Have I mentioned disperse camping? This is free camping in any U.S. forest. There are certain areas where they encourage you to go. Some spots are easy to identify others not so much. This is great for our budget but you never know where you’re going to end up. The spots in Colorado were incredible, but then there are spots that have every instinct in your gut saying, get out now and fast. A ranger tells us about a forest in central Oregon, great place and lots of camping. We make our way towards the spot, driving deeper into forest land and isolation. we turn a bend and on the side of the road is a skeleton of some animal which at this point is hard to identify but the bones are licked clean. It doesn’t help that it’s starting to get dark and our minds begin thinking of those damn scary movies where inbred hillbillies eat people and animals just for kicks. We look around as if someone is watching us and in a moment we are on the same page, not so sure about this spot. Time to get out of here! A little closer to civilization we see a campground that is labeled with a sign. At first glance it appears empty until we see a couple sitting on the ground next to their piles of stuff. As we exchange friendly waves we quickly size them up. What do we have here; a nice stash of empty tall cans, stacks of trash, old pieces of toilet paper scattered around and look at that, despite a few broken windows they have a window a/c unit installed into the side of their van. that’s pretty creative. Colin speaks first, sorry folks first impressions are a bitch. Another gig for Oregon. Win some lose some.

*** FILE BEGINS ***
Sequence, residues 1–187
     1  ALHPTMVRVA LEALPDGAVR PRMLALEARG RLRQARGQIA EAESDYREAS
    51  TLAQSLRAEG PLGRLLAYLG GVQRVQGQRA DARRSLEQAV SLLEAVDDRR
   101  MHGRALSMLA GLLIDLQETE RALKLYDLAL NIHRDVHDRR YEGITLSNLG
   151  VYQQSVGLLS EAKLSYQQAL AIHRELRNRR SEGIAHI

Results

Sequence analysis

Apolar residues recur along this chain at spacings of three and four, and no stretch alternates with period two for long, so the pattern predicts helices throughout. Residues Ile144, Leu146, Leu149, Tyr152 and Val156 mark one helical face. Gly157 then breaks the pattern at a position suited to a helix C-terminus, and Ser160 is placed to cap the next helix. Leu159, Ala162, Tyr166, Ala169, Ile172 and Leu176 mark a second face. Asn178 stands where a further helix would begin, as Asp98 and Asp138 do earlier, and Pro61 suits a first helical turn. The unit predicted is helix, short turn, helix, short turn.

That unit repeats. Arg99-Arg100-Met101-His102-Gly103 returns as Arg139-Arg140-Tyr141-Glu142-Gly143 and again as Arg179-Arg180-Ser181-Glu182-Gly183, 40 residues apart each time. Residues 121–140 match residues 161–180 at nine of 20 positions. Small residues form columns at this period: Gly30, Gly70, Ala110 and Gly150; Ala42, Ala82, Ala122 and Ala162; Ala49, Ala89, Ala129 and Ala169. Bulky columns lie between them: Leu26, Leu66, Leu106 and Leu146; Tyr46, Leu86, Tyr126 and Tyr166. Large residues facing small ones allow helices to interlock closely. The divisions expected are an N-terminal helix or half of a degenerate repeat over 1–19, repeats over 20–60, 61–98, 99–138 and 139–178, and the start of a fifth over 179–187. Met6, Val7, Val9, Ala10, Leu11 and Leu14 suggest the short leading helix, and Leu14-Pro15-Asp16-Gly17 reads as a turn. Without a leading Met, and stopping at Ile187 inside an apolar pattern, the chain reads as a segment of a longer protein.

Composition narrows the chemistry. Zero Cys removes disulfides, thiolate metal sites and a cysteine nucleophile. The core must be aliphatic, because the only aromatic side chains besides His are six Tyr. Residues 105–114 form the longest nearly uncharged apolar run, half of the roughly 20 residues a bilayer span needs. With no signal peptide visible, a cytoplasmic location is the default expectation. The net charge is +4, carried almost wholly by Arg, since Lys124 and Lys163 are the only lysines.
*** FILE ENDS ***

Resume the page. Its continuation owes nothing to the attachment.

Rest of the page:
The next day we reach Bend, a town in the middle of an outdoor wonderland surrounded by several lakes, rivers and the Cascade mountains. It’s easy to see that the people here take full advantage since almost every vehicle we pass has something strapped to it; paddle boards, kayaks, bikes, canoes and fishing poles. We like this place and the downtown continues to impress us with outdoor stores, plenty of brewery’s, shops, bungalow neighborhoods and the people really are friendly. Colin finds a barbershop where a cold beer or bloody mary comes with every cut. Too bad you just can’t pump your own gas! After two days checking out this area we head toward the coast.